Mining Mirror May 2017 - Page 36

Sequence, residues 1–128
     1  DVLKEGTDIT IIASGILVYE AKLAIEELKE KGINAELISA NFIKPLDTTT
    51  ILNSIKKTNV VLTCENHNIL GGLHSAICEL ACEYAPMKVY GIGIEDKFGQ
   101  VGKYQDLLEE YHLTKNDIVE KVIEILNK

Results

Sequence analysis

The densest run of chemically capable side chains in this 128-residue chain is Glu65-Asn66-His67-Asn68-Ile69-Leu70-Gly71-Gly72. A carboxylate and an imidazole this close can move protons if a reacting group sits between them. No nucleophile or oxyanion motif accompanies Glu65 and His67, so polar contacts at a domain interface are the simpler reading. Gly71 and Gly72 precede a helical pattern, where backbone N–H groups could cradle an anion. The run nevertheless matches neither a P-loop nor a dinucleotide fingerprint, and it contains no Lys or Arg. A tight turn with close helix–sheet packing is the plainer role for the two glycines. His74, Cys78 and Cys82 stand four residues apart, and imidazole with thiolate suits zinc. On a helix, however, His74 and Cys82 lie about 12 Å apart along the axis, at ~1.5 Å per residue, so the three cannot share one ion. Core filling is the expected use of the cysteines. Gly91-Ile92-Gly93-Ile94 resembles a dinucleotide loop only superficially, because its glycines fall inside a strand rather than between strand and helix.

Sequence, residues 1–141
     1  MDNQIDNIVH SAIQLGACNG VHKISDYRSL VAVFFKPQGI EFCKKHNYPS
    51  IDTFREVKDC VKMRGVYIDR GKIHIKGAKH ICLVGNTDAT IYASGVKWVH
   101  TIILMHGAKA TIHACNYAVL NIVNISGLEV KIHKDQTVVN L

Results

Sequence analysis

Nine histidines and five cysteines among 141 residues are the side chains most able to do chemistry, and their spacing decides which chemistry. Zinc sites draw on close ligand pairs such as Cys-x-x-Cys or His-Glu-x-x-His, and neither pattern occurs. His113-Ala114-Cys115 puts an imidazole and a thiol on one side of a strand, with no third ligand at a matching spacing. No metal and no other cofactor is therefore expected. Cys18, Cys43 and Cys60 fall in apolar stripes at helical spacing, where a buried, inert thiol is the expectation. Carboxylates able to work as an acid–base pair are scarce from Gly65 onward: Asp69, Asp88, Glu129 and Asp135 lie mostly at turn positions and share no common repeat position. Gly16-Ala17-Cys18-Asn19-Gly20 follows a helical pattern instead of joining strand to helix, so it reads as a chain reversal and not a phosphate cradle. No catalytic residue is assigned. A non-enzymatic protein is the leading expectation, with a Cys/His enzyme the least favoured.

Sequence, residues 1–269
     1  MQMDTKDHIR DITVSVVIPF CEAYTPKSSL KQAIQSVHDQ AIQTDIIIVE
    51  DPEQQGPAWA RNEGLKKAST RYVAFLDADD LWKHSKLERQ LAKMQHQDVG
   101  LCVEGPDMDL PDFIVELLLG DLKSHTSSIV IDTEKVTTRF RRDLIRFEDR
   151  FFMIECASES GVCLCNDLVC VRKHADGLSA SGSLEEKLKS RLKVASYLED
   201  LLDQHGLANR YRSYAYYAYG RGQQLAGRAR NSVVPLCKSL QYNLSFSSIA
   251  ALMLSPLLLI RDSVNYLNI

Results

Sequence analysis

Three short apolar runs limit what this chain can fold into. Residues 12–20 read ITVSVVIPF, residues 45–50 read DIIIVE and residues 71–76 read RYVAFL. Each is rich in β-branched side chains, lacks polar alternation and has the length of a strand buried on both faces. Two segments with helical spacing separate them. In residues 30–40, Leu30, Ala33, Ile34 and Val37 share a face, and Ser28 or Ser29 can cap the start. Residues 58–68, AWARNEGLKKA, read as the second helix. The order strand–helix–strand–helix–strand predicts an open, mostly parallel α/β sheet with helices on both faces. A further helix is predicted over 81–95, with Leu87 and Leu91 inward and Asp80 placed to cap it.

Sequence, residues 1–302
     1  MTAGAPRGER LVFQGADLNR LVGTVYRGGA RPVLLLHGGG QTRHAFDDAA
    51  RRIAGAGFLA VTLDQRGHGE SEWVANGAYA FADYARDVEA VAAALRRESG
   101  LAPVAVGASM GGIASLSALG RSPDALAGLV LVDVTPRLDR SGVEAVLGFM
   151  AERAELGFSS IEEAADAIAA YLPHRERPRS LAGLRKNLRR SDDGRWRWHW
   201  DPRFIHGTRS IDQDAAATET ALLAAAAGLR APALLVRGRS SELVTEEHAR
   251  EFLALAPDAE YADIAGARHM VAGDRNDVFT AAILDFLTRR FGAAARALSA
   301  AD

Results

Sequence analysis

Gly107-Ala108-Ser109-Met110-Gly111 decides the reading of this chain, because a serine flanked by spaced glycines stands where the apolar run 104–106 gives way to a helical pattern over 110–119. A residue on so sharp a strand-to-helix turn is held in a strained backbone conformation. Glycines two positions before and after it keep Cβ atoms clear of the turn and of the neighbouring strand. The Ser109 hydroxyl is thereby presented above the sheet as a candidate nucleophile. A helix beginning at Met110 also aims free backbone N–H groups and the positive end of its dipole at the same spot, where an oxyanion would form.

Maintenance Vertical hoist gains traction The challenge of doing critical maintenance work at height can be made a lot easier by using vertical transportation systems. A lot of time and energy are wasted on preparing to undertake maintenance programmes at height on processing plants or on critical infrastructure underground. Any downtime in a mining operation means reduced production. The less time spent on doing proper maintenance, the better the company’s results would be. Getting workers to the heights where maintenance needs to be carried out has been a headache for more than one maintenance manager. However, a new modular vertical transportation system might solve the pains of wasted time. The use of hoists for the vertical transportation of personnel and materials is gaining traction across a wide range of industries, including the construction and mining sectors. Quentin van Breda, managing director of SA French, says the increased popularity is because one of the primary challenges on any site is the need to move both people and materials to levels where critical activities need to be performed. “This has to be done safely while maximising productivity,” says Van Breda. The system is not only useful for transporting people, but also [34] MINING MIRROR MAY 2017 different material. Many sites (whether a processing plant or during construction on a mining site) make use of tower cranes to handle heavy loads, and move these across a wide area on the site. “This mode of materials handling, however, cannot be justified for smaller components such as scaffolding material and other equipment. Also, tower cranes cannot move personnel to various levels,” says Van Breda. “The traditional method of moving such equipment manually is not productive at all, and often results in excessive standing time with the associated loss of productivity and, even worse, can increase unsafe work practices on a site,” Van Breda adds. The contractor’s challenge is to find a piece of lifting equipment that will transport both men and materials to various levels on multistorey constructions, and one that will reduce the manual handling as well as the consequential risk of injury. Hoists not only fit the profile for this type of lifting activity, but can also travel at a speed that is effective and safe. “Often the vertical lifting of men and materials is not appreciated in terms of the complexity it adds to logistics on a construction or mining site,” says Van Breda. The challenge is to provide safe, efficient vertical travel on a project while it is being constructed. A recent example where a hoist supplied by SA French provided a best fit logistical vertical lifting solution is at Kusile Power Station. The company supplied workers/ materials hoists to Mitsubishi Hitachi Power Systems (MHPS) Africa and this purpose-engineered single mast hoist is equipped with two separate cages. One has a 2t capacity to carry personnel, while the other is capable of carrying 3.2t of material. Significantly, both cages operate simultaneously, increasing productivity; while the configuration of the hoist also allows for materials to be loaded by forklift, further speeding up the operation. An example within the mining sector is the recent supply of two 0.5t passenger hoists to a copper mine in Zambia. These two hoists will be responsible for moving personnel, together with light tools and equipment, up the shaft headgear framework. b